In the 1970s, Burt Reynolds was that guy. He just was. Cool, funny. Mustachioed. And he just didn’t give a crap. About anything.
One of the most searing images of my youth came while watching The Longest Yard at the drive-in with my sister, my mom, and a friend (it was the second feature after King Kong), and for the first time ever hearing someone (other than my friends and me) use the “F” word. (I just realized I probably had a fairly boring youth.)
Bigger than life is what Burt Reynolds was. Every movie he made was must-see, and he had a strong connection to football. From playing at Florida State to playing Paul Crewe in the original (and better) Longest Yard to playing Coach Nate Scarborough in the remake to partially owning a USFL team, Reynolds had a clear and strong connection to football.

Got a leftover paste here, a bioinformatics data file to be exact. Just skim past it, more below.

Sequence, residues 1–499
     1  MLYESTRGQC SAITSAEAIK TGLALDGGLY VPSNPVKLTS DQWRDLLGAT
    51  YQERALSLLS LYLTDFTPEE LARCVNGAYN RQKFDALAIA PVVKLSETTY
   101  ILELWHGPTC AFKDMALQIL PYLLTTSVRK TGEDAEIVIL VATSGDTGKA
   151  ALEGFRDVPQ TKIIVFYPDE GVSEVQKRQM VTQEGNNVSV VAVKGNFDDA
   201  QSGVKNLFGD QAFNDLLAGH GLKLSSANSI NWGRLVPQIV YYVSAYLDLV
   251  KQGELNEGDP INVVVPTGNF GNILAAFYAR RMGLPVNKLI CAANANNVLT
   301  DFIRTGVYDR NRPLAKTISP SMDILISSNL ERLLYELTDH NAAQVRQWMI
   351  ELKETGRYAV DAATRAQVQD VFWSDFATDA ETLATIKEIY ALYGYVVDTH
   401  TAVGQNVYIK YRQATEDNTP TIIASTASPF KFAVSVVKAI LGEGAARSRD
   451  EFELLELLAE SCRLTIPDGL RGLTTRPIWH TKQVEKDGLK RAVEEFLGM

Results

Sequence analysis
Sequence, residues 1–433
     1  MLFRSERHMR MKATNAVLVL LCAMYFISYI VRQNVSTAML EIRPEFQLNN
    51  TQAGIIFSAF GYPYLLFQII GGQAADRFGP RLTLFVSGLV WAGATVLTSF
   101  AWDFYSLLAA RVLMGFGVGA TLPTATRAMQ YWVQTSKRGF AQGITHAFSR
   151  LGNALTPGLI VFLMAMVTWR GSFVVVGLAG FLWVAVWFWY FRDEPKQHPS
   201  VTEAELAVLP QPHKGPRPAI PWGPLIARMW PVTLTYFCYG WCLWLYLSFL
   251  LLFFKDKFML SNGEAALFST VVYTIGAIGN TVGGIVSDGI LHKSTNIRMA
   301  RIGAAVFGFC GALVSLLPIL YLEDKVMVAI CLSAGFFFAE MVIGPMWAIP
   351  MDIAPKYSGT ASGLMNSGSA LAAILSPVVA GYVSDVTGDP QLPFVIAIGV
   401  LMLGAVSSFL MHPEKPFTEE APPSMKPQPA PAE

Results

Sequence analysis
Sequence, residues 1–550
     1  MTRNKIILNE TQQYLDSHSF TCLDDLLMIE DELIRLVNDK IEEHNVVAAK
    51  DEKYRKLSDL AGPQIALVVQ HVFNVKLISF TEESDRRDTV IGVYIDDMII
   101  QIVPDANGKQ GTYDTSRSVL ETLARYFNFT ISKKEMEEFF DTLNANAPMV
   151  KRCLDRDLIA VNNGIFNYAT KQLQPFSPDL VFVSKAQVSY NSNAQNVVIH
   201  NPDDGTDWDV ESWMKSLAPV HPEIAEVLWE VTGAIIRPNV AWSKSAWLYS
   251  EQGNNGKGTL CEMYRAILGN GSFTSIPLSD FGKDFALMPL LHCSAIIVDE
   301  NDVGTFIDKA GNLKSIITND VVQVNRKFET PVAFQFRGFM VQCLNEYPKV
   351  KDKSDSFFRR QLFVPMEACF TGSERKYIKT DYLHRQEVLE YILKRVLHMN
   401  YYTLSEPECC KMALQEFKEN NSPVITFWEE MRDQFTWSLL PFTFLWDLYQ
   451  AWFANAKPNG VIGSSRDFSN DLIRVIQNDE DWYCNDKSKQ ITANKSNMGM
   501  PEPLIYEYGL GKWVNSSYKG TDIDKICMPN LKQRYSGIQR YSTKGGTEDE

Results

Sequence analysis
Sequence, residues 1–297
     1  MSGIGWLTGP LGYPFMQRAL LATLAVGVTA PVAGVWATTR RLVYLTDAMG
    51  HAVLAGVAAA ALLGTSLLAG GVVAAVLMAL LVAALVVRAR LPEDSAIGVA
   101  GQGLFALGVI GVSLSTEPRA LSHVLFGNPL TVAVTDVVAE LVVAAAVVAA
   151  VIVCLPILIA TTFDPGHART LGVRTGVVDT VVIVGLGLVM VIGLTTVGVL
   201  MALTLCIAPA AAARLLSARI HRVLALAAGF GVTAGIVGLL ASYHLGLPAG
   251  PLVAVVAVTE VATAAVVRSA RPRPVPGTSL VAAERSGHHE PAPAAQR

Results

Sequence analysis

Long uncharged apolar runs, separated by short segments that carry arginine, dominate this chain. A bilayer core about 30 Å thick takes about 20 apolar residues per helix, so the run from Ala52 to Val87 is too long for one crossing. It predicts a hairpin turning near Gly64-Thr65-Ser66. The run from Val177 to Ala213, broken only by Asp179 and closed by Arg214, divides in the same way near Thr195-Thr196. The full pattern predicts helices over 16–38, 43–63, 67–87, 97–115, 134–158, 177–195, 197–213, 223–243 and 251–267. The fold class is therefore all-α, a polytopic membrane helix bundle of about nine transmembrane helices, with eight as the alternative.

John Bassett, as explained in Jeff Pearlman’s new book, Football for a Buck, recruited Reynolds to become a part owner of the Tampa Bay Bandits. Sure, Reynolds had only five percent of the equity (with a purchase price of zero dollars and zero cents). But he made a significant impact by helping to hype the team.
Reynolds arrived on the field via stagecoach, he showed up for a press conferences announcing the team’s name with bottles of bubbly and a mini-harem, and he gave all players a gold-dipped belt buckle and team jackets including the inscription “With Love, Burt Reynolds” on the inside.
He’s now gone, passed away at the age of 82. The last memorable reference to him in this space came in February 2017, when it was suggested that, after winning the Super Bowl that capped the year of his bogus #Deflategate suspension, Patriots quarterback Tom Brady should retrieve the game ball, jam it into Commissioner Roger Goodell’s midsection, and say, “Stick this in your trophy case.”